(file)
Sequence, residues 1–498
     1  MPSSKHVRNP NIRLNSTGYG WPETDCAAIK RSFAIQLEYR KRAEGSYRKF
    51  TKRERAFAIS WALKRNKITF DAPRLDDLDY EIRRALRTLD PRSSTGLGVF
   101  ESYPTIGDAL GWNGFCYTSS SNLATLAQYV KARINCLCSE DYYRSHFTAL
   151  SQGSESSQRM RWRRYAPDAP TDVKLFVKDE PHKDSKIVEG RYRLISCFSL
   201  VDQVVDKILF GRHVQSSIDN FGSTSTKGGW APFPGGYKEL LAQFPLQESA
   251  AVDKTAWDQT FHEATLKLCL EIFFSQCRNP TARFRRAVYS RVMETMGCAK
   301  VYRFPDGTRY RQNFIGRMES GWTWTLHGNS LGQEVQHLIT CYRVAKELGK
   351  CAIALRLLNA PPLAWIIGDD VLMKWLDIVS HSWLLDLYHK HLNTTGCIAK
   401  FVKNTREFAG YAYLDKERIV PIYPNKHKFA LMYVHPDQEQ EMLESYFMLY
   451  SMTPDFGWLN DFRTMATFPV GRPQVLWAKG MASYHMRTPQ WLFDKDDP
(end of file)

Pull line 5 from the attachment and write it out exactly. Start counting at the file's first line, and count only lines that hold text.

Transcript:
   151  SQGSESSQRM RWRRYAPDAP TDVKLFVKDE PHKDSKIVEG RYRLISCFSL